+44 1904 462332
The Food and Environment Research Agency
Sand Hutton, York, YO41 1LZ , United Kingdom
+41 44 7836416
Agroscope Changins-Wädenswil ACW
CH-8820 Wädenswil, Switzerland
Q-DETECT is a multi-disciplinary research network focused on developing innovative tools that enhance the capacity of phytosanitary inspectors to protect European agriculture and forestry sectors from invasive pests.
Principal Project Objectives
The multidisciplinary, international Q-DETECT consortium has a long-term goal to develop reliable detection methods for quarantine pests and pathogens (throughout the proposal referred to as pests) for use by national plant protection organizations (NPPO) and inspection services. The aim of the consortium is to develop advanced sampling anddetection methods for early and reliable detection of quarantine pests of plants. The project will take a holistic approach and thus the methods developed will be suitable for use by National Plant Protection Organisations (NPPO’s) in official inspection and surveillance programmes. The methods will be based on biochemical (detection of volatile organiccompounds (VOC) and nucleic acid), acoustic (including resonance), remote imaging (incorporating spectral andautomated data analysis) and trapping (especially Q-insect pests and Q-pathogen vectors). One of the main areas of work will be the optimisation of monitoring and sampling methods using interdisciplinary work on statistics and modelling.The methods will be primarily developed for use on-site and at the point of entry, though the methods will also be useful for ‘at-origin’ inspections. The project will concentrate on developing methods for economically and environmentally important quarantine pests where currently we lack adequate methods in the agricultural, horticultural and forestry areas.The methods will support NPPO’s in the implementation of Council Directive 2000/29/EC.The consortium has identified the major challenges in achieving these ambitious goals and as a result formulated four principal project objectives.
1. Investigate and develop a range of enabling technologies for the detection of quarantine pests by NPPOs.
2. Validate the methods by close collaboration with countries both inside and outside the EU where the target organism is
present, such that the technologies can be tested on real material in real inspection situations.
3. By working with inspection services and NPPOs, model the complex role and relationships between plant health
inspections, the use of different detection methods, monitoring and sampling techniques. Model potential outcomes of
the use of new detection techniques and evaluate the benefits of their use to NPPOs and Inspection services.
4. By working with NPPOs, European Plant Protection Organisation (EPPO) as well as third countries, disseminate the findings of the work widely within the community, both within and outside of Europe. In doing so foster harmonisation of protocols and methods of detection both within EU countries and also those countries who export to the EU.The four principal project objectives will be achieved through a range of measurable objectives, each one related to a specific Work Package and will encompass developing methods for economically and environmentally important quarantinepests where currently we lack adequate methods in the agricultural, horticultural and forestry areas.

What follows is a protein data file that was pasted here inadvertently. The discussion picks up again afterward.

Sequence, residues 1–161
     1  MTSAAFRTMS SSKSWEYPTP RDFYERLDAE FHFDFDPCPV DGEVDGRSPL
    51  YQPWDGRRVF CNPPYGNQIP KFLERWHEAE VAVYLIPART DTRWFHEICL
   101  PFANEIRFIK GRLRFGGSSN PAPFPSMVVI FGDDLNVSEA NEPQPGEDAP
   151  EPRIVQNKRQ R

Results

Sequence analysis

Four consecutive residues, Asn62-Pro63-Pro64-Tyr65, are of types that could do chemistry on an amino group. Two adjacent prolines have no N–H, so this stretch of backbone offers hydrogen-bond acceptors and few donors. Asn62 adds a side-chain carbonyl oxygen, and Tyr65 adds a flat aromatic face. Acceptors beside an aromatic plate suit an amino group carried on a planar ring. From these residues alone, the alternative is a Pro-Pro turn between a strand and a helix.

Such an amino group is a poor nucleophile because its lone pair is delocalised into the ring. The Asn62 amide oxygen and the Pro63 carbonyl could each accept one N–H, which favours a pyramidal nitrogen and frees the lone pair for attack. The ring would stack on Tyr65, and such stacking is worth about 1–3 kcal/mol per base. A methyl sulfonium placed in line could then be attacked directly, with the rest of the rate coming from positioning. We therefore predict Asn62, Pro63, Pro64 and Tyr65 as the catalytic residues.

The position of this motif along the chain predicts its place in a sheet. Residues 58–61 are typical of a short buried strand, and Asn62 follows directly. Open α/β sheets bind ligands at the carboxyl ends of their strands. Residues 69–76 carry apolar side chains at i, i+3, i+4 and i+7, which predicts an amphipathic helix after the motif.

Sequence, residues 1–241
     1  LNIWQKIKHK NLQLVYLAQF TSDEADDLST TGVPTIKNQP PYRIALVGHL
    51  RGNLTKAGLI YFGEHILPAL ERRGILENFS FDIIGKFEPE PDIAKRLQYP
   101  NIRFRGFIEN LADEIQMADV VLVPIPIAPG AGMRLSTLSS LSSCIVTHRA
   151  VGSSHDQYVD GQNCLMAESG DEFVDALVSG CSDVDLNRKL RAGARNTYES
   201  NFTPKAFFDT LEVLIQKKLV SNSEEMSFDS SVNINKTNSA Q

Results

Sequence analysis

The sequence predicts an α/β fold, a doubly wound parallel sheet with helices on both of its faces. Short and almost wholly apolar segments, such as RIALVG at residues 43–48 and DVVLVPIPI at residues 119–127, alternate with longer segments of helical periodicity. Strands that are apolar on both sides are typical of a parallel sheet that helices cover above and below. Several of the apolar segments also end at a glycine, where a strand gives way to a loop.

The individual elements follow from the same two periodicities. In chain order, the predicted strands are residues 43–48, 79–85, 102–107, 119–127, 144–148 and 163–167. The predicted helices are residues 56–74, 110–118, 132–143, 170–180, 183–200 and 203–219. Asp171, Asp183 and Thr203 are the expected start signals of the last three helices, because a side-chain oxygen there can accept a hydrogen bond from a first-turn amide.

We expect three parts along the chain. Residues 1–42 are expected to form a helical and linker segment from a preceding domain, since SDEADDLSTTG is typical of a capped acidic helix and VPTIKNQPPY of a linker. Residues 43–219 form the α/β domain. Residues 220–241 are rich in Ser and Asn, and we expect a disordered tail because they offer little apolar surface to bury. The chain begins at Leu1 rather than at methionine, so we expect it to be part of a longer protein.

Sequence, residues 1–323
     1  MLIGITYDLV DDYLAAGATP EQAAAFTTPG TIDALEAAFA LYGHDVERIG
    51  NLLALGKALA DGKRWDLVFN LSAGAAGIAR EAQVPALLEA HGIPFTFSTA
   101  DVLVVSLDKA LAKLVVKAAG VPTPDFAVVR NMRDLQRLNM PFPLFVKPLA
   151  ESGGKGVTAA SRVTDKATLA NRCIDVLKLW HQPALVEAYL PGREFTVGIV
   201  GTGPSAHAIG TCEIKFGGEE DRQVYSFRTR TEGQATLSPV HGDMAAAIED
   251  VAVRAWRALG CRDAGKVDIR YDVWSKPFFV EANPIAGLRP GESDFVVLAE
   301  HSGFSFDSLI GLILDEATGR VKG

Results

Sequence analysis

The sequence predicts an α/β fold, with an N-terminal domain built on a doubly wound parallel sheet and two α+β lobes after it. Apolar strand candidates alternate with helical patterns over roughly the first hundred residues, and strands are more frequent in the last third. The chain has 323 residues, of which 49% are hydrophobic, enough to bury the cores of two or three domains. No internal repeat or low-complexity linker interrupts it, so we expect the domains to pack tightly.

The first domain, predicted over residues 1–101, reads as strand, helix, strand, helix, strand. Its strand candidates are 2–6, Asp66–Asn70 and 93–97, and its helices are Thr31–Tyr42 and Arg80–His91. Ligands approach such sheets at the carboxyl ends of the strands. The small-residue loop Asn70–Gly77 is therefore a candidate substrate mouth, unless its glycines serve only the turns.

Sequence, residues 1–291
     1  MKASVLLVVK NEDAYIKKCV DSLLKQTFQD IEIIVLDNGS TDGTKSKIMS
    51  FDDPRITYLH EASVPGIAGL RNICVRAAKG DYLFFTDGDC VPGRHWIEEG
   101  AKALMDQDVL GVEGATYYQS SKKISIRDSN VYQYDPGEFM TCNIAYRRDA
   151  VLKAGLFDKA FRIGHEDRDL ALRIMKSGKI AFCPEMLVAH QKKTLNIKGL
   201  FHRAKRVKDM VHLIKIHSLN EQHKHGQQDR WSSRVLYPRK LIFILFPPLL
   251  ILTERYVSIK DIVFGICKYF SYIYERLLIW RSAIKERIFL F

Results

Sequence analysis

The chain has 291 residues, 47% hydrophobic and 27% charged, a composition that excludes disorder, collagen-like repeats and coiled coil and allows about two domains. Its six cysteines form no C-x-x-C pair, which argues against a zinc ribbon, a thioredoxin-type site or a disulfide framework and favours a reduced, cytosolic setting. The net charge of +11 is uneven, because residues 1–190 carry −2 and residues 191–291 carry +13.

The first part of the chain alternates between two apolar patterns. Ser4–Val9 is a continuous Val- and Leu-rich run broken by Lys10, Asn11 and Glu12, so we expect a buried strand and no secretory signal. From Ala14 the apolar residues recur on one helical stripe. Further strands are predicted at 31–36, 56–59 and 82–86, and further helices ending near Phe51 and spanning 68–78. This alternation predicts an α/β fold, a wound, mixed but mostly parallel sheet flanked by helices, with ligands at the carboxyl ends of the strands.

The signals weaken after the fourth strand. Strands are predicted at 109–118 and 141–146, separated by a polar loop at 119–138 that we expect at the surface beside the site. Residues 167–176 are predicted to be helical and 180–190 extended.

The objectives of the seven Work Packages are:
Work Package 1. To coordinate and manage the project.
Work Package 2. To develop a model based on the inspection work performed by NNPOs to enable the evaluation of outcomes based
on changes in sampling protocols, points of detection, types and changes of detection technologies.
Work Package 3. To develop methods based on the detection of volatile organic compounds.
Work Package 4. To further develop strategies and methods for trapping q-pests and vectors of q-pathogens.
Work Package 5. To develop detection methods based on bio-acoustics and remote imaging.
Work Package 6. To develop rapid, simple and reliable confirmatory and monitoring methods based on the detection of nucleic acid.
Work Package 7. To disseminate results obtained within the project and to evaluate the methods in mandated labs within the EU and third countries
News related to Q-detect work
Innovative integration of canine-assisted detection of Asian long-horn beetle in the field by Swiss forestry phytosanitary inspectors.
PRI Wageningen develops a trolley to screen infected tulips
Webmaster: Andreas Bühlmann
Latest Update 04 May 2013
Q-Detect technology transfer event to plant protection specialists in Slovenia - organised by our NIB partner on 22 January 2013
Industry-Research Partnership for Innovative Diagnostics
Q-Detect Phytosanitary Newsletters
This EU project has concluded and no further project-dedicated meetings are planned. Stay tuned though for notice of related meetings from other projects and phytosanitary organisations in the future.
The Final Meeting joint with EPPO as a second Phytosanitary Inspector Training Course was held in Llubljana, Slovenia 18-22 February 2013. Presentations and training materials will be posted soon.
The 24month project meeting was held at the BFW in Vienna, Austria - 12-13.6.2012
The 18-month project meeting was held at the University of Padova, Italy -- 12-25.11.2011.
The 12-month project meeting was held at NIB in Llubljana, Slovenia -- 20-21.04.2011.